Doorway Football – ‘Season Review 2010/11’

It’s now just over a year since we launched the Doorway Football Project (V.2) and since, soon after that, I posted this here about that launch and about the Homeless World Cup. It’s also the eve of our second tournament appearance, at OSIC 2011 (The Oxford Social Inclusion Cup, Monday 10th October, deliberately taking place on World Homeless Action Day / World Mental Health Day). So, it seemed to be an appropriate time to report the way the football drop-in has developed, and how that compares with what we envisaged.

It’s been a hugely enjoyable year. The numbers involved, the fitness, and the skill levels, have all clearly increased. Female guests have played a major part, defying the sexist assumptions of some outside parties. The team played in the WASP tournament in Trowbridge, emerging with great credit for both their performances and their attitude. The involvement from a fairly early point of Chippenham Futsal Club coach Chris made a huge difference in giving our sessions structure and making the skill development more focussed. And generally, we’ve had FUN!

But that’s a subjective snapshot. How do the figures stack up, and what were our original objectives?

The figures:

In the year 2nd August 2010 to/including 29th August, we ran 48 drop-in football sessions on Mondays, and took part in the tournament mentioned above. 4 Mondays were lost to Bank Holiday staff unavailability (although sessions took place on the other Bank Holiday Mondays).

Dividing the year into 4 quarters:

Q1: Guests per session: Min 2 Max 3 Ave 2.25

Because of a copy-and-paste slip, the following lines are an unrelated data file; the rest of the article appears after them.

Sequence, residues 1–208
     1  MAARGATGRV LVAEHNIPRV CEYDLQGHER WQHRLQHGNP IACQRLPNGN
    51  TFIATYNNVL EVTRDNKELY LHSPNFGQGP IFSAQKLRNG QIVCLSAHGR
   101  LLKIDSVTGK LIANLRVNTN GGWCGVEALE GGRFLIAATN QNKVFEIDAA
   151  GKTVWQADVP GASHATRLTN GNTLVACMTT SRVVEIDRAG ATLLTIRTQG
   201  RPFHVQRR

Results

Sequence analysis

Total players per session: Min 4 Max 7 Ave 5.67

Q2: Guests per session: Min 1 Max 4 Ave 2.83
Total players per session: Min 5 Max 8 Ave 7.17

Q3: Guests per session: Min 1 Max 5 Ave 3.09
Total players per session: Min 5 Max 10 Ave 7.36

Q4: Guests per session: Min 4 Max 9 Ave 6.69
Total players per session: Min 7 Max 15 Ave 10.69

This shows how the early, frankly sometimes dispiritingly, low numbers have increased, and have justified ‘plugging away’. The policy was that however few turned up, we would be there and have some sort of session, come what may. And special thanks to the loyal guests who also kept turning up in those early days, and still do. Julian and Lee, take a bow.

What were our originally stated objectives in the funding application, and how much have we achieved these?

“We aim to:

– Provide supervised football activity for people aged 16+ who would not normally have access to sports opportunities.

– Offer a positive alternative to congregating on the streets outside normal drop in hours.

Undoubtedly achieved. Although in the second case, for only a limited amount of time. However, the project has, by guests’ own testimony, sometimes given them motivation to avoid drinking (we have not had the same conversations re using), at least until after the session….

– Engage with guests of Doorway who are more comfortable expressing themselves through structured physical activity.

– Encourage teamwork / social cohesion amongst guests.

– Take a guest activity outside the confines of the Salvation Army building.

– Provide physical activity and positive social engagement to counteract the boredom of guests’ everyday lives and to improve their general health and sense of wellbeing.

– Promote social cohesion and enhanced teamwork between individual guests.